English from its Indo-European origins up to and including the eighteenth-century grammarians. The Germanic strains; old, middle and modern English. 3 sh.

LNGN300: Syntax (3 hours lecture)

The study of sentence structure and the theories designed to describe it. Emphasis on structural grammar, the development of Generative Grammar and contemporary theoretical methods for describing sentence structure. Data will be taken from a number of different languages. Meets the University Writing Requirement for majors in Linguistics. 3 sh.

Prerequisites: LNGN 210 or departmental approval.

LNGN301: Semantics (3 hours lecture)

The systematic and objective study of meaning in language. Topics include: referential meaning, semantic fields, componential analysis, synonymy, polysemy, hyponymy, and sequential meaning. Data will be taken from a number of different languages. 3 sh.

Prerequisites: LNGN 300.

LNGN302: Pragmatics (3 hours lecture)

The study of pragmatics, an area of linguistics that examines language as situated speech and studies how context affects the interpretation of meaning. 3 sh.

Prerequisites: LNGN 300.

LNGN325: Principles of Second Language Learning (3 hours lecture)

Theories of second language acquisition; error analysis; individual learner differences; the roles of input, interaction, and formal instruction in language acquisition. 3 sh.

Prerequisites: LNGN 210. Open to Linguistics majors or admission into Teacher Education program.

LNGN331: Phonetics (3 hours lecture)

A comprehensive introduction to phonetics, the study of the production of speech sounds and their acoustic characteristics. Students will learn to identify, classify, and transcribe sounds from a variety of languages. While intended primarily for Linguistics majors, this course will also be of interest to prospective language teachers and to majors in Speech, in Psychology, and in Communication Sciences and Disorders. 3 sh.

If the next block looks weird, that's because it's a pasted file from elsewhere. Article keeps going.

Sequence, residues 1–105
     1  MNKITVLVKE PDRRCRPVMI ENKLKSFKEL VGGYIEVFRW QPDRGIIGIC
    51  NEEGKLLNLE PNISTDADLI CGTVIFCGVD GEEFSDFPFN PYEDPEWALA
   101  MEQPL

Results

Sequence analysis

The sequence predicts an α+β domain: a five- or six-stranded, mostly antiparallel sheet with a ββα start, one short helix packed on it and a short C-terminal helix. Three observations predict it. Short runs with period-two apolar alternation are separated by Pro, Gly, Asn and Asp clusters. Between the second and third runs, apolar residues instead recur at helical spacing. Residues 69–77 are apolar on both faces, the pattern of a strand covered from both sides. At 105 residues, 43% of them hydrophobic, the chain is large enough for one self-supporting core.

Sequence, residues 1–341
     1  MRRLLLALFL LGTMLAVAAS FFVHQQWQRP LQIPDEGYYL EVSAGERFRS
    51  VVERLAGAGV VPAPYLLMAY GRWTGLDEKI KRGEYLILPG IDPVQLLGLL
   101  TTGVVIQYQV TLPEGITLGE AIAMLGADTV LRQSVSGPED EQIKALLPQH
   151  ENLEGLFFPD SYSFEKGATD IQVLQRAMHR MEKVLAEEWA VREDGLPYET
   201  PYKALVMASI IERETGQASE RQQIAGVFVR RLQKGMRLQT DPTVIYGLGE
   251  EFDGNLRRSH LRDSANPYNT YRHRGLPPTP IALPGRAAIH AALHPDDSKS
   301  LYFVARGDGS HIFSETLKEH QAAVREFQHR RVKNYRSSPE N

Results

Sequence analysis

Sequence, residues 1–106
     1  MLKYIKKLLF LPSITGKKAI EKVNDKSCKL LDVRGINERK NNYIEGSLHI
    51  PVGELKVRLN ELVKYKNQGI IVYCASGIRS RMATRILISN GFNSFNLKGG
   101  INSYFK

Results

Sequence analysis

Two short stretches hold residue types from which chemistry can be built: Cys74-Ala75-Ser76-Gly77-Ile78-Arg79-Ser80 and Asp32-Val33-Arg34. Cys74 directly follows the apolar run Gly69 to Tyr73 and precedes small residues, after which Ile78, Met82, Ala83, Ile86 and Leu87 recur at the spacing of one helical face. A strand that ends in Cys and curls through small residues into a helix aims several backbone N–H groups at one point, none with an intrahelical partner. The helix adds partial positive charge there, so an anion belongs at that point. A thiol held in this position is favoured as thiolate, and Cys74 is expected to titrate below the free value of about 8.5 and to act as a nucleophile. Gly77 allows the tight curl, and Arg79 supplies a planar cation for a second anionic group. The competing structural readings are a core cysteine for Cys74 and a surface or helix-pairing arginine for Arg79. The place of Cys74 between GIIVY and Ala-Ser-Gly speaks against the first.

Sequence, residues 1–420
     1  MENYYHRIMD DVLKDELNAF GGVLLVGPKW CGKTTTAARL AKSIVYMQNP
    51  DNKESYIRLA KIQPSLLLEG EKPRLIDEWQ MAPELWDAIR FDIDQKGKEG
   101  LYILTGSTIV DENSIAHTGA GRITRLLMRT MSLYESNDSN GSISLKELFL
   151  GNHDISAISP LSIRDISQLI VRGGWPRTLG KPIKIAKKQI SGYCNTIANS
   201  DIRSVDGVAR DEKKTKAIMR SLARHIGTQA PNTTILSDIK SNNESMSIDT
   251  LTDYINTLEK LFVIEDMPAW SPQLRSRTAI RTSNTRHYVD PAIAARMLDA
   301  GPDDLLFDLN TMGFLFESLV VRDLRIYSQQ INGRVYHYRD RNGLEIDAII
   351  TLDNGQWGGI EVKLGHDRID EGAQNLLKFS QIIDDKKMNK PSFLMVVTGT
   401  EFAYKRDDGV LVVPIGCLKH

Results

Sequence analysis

Prerequisites: LNGN 210 or departmental approval (for Cognitive Science majors).

LNGN332: Phonology (3 hours lecture)

Phonology studies how languages make use of a particular subset of all the possible speech sounds in a systematic way to produce meaningful units like words and sentences. The objectives of this course will be to give students experience in analyzing phonological data from a wide variety of languages and to survey current theories of phonology. 3 sh.

Prerequisites: LNGN 331 or departmental approval.

LNGN384: The Grammars of English (3 hours lecture)

A critical overview of traditional, structural, and transformational-generative approaches to the problems of analyzing the grammar of the English language; practical applications for teaching English and for understanding grammatical principles as a means of more effective writing and literary analysis. Cross listed with English, ENGL 384. 3 sh.

Prerequisites: ENWR 106 or HONP 101 or LNGN 210.

LNGN420: Language and the Mind (3 hours lecture)

An introduction to the major theoretical and methodological principles of Noam Chomsky's theory of Universal Grammar and what they tell us about structure of the human mind. 3 sh.

Prerequisites: LNGN 210 or PSYC 288 or LNGN 288 or PHIL 288 or CMPT 288.

PSYC348: Psycholinguistics (3 hours lecture)

Explores the study of language through linguistic, behavioral, and cognitive methods. Basic linguistic ideas are used for the explication of problems in grammar, cognitive structure, meaning, and speech production and comprehension. 3 sh.

Prerequisites: PSYC 203.